Last week, President Obama unveiled his plan to impose new regulations on power plants, establish conditions for approval of the Keystone XL Pipeline and include climate change impacts in all important government decisions. We look at how effective his initiatives will be in limiting carbon pollution and what they will mean for the future of coal, natural gas and renewables. Does his plan go too far or not far enough?

Paul Rogers, environment reporter for San Jose Mercury News, and managing editor of KQED's science and environment unit
Michael Brune, executive director of the Sierra Club
Michael Shellenberger, breakthrough institute, an energy and innovation think-tank
Robin Millican, director of federal affairs at the Institute for Energy Research, a not-for-profit organization which promotes free-market energy policies

  • Frank Reich

    The recent pipeline spill in Arkansas shows pretty clearly what kind of terrible mess our quasi-Republican president Obama is going to get us into with Keystone XL. As usual, the corporations will reap the profits and the common people will pick up the tab for any disasters. Indeed, TransCanada is even stealing some of the land on which to put the pipeline by getting local governments to groundlessly condemn land that owners won’t sell, whereupon they use eminent domain to just take it. Last time I checked, stealing is a crime, even if corrupt politicians facilitate it. Funny how Obama talks about the importance of the rule of law when it comes to patriotic whistle-blowers embarrassing him, but when it comes to crony capitalists Obama is 98% hands-off. What does XL stand for by the way? eXtreme Lobbying? eXtreme Lapdog president?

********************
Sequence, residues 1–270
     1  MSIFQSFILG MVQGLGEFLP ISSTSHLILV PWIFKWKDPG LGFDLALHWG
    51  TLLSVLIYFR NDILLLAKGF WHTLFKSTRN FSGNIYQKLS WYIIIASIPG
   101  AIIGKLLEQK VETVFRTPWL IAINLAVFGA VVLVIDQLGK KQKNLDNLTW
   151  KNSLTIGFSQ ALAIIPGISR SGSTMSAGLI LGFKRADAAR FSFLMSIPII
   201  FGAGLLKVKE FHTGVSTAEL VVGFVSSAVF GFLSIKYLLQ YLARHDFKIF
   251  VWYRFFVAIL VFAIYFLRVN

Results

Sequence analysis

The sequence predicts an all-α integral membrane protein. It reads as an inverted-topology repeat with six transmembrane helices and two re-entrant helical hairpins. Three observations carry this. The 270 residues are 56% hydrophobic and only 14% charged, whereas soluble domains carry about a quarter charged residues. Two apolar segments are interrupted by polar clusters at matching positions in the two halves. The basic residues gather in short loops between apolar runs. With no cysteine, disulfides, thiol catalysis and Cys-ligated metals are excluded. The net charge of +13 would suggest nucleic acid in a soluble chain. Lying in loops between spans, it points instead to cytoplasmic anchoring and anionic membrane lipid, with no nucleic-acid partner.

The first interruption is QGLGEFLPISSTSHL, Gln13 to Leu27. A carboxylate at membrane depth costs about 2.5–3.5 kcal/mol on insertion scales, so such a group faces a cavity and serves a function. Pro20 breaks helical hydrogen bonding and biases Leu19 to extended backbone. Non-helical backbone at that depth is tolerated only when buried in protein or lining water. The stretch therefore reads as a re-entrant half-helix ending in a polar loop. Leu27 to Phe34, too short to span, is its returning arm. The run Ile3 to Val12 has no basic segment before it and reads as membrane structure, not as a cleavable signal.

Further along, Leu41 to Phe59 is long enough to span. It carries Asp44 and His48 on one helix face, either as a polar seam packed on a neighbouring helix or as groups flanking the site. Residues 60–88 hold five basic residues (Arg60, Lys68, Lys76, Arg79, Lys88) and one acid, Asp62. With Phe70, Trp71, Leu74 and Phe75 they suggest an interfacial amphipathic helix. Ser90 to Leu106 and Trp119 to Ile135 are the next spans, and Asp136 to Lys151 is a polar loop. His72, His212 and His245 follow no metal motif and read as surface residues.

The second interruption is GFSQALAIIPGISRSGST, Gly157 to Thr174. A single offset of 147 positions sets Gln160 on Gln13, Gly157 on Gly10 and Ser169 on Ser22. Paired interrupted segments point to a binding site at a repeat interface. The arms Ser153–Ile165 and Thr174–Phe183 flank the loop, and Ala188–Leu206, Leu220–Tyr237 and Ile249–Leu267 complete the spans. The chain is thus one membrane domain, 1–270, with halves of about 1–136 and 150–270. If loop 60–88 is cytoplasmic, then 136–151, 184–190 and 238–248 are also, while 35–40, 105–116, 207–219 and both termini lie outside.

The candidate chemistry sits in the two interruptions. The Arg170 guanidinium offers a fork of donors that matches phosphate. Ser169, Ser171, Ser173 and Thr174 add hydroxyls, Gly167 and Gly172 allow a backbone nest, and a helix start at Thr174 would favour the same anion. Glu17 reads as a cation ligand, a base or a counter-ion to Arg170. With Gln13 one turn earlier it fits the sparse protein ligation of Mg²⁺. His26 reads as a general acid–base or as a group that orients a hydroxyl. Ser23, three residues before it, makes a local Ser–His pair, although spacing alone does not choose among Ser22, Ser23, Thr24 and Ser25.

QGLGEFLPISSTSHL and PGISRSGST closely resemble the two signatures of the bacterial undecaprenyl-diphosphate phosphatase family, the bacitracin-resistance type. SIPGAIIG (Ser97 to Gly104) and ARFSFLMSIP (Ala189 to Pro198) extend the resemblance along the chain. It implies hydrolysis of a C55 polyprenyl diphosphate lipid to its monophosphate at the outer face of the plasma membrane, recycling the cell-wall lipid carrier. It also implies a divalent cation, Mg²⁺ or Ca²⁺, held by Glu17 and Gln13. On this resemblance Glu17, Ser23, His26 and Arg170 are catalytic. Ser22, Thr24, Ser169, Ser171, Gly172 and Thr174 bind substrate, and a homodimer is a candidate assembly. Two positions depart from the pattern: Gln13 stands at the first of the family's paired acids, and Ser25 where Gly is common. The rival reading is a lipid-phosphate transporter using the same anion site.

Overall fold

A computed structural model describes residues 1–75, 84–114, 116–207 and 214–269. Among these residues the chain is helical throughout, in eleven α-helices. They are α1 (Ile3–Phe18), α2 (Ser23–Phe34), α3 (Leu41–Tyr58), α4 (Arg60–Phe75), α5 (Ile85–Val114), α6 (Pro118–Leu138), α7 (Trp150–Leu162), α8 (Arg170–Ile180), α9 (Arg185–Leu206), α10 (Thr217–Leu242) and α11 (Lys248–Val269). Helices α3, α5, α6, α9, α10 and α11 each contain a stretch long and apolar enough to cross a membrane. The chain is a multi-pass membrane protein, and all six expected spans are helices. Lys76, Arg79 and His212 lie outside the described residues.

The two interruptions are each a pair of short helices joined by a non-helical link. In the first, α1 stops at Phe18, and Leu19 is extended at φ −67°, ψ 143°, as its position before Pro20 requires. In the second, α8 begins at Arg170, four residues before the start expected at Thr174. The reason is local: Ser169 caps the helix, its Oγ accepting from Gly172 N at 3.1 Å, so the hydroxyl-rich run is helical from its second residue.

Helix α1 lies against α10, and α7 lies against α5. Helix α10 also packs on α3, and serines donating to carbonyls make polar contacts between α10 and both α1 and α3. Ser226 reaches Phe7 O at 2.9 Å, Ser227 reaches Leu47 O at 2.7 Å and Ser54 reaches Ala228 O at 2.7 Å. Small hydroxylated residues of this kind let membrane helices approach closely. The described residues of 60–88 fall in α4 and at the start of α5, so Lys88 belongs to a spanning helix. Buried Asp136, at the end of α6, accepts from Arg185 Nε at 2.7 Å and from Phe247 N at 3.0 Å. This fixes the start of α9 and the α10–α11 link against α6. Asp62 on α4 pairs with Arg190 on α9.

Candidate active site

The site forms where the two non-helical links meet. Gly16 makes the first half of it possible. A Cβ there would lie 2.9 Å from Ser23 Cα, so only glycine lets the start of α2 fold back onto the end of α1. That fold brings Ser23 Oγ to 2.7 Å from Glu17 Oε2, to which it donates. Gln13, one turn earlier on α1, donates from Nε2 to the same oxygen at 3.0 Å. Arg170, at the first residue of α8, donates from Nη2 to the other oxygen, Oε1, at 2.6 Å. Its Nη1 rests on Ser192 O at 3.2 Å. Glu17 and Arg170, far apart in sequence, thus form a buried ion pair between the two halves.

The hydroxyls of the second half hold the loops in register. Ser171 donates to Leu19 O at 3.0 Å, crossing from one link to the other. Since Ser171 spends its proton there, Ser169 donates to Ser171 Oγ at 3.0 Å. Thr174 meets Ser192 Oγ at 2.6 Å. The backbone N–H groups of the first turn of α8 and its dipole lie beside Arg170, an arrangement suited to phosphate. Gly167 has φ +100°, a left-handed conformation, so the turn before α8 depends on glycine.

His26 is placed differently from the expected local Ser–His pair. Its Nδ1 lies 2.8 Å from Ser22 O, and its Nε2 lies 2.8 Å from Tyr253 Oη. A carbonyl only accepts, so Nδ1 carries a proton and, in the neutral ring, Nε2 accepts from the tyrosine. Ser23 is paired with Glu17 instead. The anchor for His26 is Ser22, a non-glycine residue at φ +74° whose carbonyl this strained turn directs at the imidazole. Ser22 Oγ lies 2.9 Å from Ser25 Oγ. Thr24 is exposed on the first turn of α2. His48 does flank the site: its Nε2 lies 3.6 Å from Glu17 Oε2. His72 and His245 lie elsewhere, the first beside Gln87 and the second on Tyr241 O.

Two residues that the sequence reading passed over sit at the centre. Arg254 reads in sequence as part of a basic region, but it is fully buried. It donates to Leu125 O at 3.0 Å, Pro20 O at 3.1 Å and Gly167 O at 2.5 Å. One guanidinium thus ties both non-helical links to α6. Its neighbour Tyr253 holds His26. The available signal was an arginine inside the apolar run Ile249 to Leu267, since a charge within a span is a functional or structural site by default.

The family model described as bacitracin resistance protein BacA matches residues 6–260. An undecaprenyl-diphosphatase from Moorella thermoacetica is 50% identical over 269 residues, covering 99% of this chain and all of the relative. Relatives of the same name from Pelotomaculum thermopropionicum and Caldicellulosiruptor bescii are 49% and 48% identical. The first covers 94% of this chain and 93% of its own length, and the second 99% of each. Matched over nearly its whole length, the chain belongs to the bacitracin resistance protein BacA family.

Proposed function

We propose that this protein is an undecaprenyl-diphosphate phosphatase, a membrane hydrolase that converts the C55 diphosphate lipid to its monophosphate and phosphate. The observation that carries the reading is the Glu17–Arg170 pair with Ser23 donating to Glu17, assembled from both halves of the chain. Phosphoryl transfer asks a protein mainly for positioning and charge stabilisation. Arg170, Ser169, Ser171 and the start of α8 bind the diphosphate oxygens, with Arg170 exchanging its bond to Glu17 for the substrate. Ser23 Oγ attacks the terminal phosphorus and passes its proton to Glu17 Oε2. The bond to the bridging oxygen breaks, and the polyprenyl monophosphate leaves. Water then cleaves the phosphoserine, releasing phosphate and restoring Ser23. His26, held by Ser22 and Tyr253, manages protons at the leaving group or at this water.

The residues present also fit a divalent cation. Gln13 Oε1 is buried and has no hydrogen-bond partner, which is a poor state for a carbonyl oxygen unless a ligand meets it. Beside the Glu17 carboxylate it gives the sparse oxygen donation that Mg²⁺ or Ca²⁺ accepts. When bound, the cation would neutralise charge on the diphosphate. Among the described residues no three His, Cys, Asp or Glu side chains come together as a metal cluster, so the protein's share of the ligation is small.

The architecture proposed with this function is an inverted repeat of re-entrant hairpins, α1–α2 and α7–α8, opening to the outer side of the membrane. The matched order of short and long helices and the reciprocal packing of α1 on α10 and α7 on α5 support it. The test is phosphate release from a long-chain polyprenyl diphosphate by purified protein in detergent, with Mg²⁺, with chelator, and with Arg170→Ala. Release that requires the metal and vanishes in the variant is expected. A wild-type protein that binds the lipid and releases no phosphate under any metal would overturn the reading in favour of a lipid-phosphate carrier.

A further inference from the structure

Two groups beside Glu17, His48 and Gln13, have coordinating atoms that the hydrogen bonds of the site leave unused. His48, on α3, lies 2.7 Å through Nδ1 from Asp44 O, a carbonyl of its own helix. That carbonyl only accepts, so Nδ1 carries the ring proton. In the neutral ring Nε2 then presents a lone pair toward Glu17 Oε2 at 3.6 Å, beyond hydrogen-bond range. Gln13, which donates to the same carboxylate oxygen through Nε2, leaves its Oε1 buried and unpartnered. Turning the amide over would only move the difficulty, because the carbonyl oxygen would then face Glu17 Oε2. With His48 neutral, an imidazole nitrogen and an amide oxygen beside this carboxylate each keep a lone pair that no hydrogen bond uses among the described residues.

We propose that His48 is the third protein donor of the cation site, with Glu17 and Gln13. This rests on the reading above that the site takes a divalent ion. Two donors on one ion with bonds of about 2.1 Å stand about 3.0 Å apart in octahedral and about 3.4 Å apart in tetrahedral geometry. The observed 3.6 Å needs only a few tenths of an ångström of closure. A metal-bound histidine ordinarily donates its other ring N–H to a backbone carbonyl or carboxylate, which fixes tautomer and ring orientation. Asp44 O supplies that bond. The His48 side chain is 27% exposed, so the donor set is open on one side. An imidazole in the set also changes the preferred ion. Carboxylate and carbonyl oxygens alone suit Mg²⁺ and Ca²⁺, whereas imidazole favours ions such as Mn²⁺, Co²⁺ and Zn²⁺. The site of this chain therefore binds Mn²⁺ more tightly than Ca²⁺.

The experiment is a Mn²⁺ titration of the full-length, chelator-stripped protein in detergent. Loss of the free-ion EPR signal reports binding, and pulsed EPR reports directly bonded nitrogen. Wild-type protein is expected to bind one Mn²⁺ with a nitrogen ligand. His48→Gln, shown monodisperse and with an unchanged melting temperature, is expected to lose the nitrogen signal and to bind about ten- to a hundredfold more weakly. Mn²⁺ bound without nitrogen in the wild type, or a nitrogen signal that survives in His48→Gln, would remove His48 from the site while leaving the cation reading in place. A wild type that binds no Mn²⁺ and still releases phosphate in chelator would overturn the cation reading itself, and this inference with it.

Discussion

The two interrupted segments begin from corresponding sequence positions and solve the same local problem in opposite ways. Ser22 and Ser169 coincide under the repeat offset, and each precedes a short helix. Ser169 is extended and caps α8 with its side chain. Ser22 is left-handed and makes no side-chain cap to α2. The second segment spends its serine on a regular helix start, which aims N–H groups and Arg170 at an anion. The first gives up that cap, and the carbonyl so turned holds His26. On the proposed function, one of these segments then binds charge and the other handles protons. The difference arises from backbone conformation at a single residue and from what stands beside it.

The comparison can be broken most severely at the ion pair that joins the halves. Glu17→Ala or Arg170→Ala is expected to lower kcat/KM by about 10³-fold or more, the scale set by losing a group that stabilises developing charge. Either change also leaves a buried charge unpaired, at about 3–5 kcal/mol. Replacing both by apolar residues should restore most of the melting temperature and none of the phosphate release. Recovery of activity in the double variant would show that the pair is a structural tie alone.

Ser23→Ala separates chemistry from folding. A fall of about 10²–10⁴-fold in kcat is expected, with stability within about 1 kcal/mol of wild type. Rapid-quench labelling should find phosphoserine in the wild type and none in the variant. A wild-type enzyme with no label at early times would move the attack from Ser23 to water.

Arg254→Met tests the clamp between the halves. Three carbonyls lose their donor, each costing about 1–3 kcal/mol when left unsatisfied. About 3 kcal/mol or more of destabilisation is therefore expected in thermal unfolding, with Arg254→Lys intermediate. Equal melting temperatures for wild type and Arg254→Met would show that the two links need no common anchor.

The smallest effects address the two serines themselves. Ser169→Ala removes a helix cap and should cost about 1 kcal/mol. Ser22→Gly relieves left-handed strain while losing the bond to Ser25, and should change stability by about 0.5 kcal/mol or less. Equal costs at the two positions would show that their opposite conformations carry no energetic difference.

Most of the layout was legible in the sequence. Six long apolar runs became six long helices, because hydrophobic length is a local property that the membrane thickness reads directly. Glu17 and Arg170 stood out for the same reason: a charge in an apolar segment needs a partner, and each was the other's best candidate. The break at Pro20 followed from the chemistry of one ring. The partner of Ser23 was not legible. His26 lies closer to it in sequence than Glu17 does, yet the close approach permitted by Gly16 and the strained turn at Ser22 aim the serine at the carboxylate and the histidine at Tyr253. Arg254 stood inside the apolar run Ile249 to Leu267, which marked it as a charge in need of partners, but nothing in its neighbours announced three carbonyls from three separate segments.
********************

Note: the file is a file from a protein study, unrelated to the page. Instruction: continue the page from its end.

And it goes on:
Arkansas spill:

    Daryl Hannah arrested protesting XL:

    Police Trained by TransCanada to Treat Keystone XL Protesters as ‘Terrorists’:

  • Kurt thialfad

    Should a national climate plan include stabilizing national population growth?

  • Chris OConnell

    I support efforts to limit greenhouse gases and will do my part. But stepping back and looking at it from outer space, it seems unlikely this ape, homo sapiens, can be stopped in its relentless and voracious march of consumption. If you combine the growth of the BRIC and related countries, along with the growing inequality of wealth in the US for example, I just can’t imagine one drop of oil or ounce of coal being left in the ground by the time we are done. If we are not done in before that time, that is.